Wednesday, August 6, 2008

Some People Call Me Maurice



Listening to "Jet Airliner" on the car radio this afternoon, I realized that I have no idea what Steve Miller looks like. This is highly unusual for someone who was one of the biggest music stars of the 1970s - Miller and his eponymous band had three Number Ones, two other Top Ten hits, and three other Top Forty hits between 1973 and 1982. Yet I have a stronger mental image of Randy Van Warmer than I do of Steve Miller.

The only one of his albums from his most fecund period to feature his picture on the cover was Fly Like an Eagle, and he's throwing his head on that one, with hair covering half his face, so it's hard to get a handle on what he looks like. And maybe that's Steve on the cover of The Joker, but who knows.

The only video of his I recall seeing was a late one for "Living in the U.S.A.," which was just anonymous scenes shot around an amusement park. I never saw the Steve Miller Band on The Midnight Special, or Don Kirshner's Rock Concert, or Saturday Night Live, or anything like that. I don't know why.

The biggest problem is that Miller has a lumpy, proletarian facelessness to him - he's from Milwaukee, after all. Now that I've found a photo of him, I realize I have seen him before, but I'm sure I forgot what he looks like five minutes later. Here he is:

7 comments:

Scraps said...

I remember a video for the awful "Abracadabra". It's what you would expect if you gave a hack video director a song called "Abracadabra".

Scraps said...

http://www.youtube.com/watch?v=jzpe1Rq6f3o

T. Nawrocki said...

Well, the video lives up to the song.

Note that Steve Miller appears only in still photos, always with his eyes covered. He must have both been shy, and been aware that he wasn't attractive.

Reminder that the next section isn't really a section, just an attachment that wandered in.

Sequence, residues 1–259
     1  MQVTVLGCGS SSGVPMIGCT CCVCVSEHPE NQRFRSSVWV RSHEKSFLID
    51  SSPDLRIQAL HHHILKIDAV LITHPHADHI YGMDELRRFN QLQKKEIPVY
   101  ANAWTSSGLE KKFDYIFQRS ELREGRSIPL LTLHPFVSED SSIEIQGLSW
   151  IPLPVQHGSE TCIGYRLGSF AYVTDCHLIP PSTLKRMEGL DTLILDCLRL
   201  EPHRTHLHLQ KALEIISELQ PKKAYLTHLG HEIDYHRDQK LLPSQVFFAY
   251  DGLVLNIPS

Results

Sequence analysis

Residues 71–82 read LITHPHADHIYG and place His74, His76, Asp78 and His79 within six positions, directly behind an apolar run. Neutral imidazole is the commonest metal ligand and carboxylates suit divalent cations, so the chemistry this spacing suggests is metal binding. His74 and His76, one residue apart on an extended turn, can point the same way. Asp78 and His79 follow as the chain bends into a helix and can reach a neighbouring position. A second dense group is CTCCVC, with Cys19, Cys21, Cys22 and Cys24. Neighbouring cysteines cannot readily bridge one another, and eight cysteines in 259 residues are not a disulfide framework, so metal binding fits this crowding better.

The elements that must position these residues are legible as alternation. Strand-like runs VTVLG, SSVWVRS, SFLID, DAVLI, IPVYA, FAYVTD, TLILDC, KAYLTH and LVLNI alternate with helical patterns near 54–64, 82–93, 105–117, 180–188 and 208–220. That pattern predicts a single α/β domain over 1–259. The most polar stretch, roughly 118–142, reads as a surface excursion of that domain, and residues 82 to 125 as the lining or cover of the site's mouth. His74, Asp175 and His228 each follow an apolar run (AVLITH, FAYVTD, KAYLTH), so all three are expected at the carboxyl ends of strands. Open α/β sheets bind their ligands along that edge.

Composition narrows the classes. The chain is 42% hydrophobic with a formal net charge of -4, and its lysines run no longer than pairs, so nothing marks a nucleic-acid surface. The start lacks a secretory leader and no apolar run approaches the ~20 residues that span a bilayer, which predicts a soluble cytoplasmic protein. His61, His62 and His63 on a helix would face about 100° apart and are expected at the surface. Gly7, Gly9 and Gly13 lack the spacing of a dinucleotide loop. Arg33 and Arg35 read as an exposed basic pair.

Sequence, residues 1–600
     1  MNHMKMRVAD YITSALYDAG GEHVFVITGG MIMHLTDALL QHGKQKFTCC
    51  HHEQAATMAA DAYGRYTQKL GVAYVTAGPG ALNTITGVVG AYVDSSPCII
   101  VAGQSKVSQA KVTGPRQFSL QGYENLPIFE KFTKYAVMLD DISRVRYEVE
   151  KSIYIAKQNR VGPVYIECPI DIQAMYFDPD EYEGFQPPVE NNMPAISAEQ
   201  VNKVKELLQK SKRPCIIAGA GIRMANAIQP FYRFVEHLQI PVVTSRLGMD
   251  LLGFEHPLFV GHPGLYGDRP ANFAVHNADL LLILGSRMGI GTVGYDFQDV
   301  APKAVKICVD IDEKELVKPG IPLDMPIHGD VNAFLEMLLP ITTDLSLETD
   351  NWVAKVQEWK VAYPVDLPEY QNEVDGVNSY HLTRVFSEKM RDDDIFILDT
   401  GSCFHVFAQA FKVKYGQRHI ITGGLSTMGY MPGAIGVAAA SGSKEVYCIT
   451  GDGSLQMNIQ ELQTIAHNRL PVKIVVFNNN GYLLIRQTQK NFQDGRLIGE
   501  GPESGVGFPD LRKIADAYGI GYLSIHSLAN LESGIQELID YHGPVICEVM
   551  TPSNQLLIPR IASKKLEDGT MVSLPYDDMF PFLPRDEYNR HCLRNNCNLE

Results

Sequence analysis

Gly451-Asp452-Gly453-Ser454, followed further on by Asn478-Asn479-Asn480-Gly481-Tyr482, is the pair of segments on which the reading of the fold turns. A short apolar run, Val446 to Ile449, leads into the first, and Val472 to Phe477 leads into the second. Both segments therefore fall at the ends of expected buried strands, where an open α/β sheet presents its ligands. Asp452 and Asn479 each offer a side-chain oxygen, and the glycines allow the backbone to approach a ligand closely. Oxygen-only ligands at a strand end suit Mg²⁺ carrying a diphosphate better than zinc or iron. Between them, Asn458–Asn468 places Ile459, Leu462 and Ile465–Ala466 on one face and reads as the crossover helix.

Kinky Paprika said...

I didn't think Steve Miller's appearance was that much of a mystery.
A couple of the pre-"Joker" Miller Band records feature band pictures with Miller front and center; and two of his albums ("Rock Love" and "Recall the Beginning") have full front-cover pix of him.

On the other hand, if you're not a Miller fan, you probably never owned any of those records.

People say Paul McCartney is dead.
But I have always suspected it was Steve Miller who secretly kicked the oxygen habit sometime around 1970, to be replaced from there on out by an infinitely less creative and less interesting stand-in.

MJN said...

In 1982, someone at WTBS took that "Abracadabra" video and made it into a celebration of the Braves' surprisingly successful season. They interspliced various highlights of game action into the video; e.g., a diving catch by Brett Butler or somebody during "reach out and grab ya." It was just dreadful, even worse than the original.

tony s said...

According to an old Casey Kasem program I heard in the 1980s, Steve Miller deliberately tried not to put images of his face on his LPs because "he wanted to be known for his music not his face."

In Creem magazine circa 1981, Rush drummer Neal Peart said pretty much the same thing ("We're not selling ourselves!").

You can take this as face value or take it to mean: "We're not attractive, so we need a different approach."

Anyone remember when Heart used to hide Ann Wilson behind props in their videos, because she got so chubby?

Repoz said...

Back in '73 at the old Academy in NYC...I saw a Steve Miller Band/Foghat/Rick Roberts show (hey, it was the ludes era).

Foghat over-stayed/over-played their endless boogie crap which sent the downer crowd into a mindless frenzy.

A ticked off Steve Miller came out and ripped on Foghat for a minute or so and then proceded to play the entire short set of I'll-show-em boogie music...WHILE LAYING ON HIS BACK!

And you never really saw his face!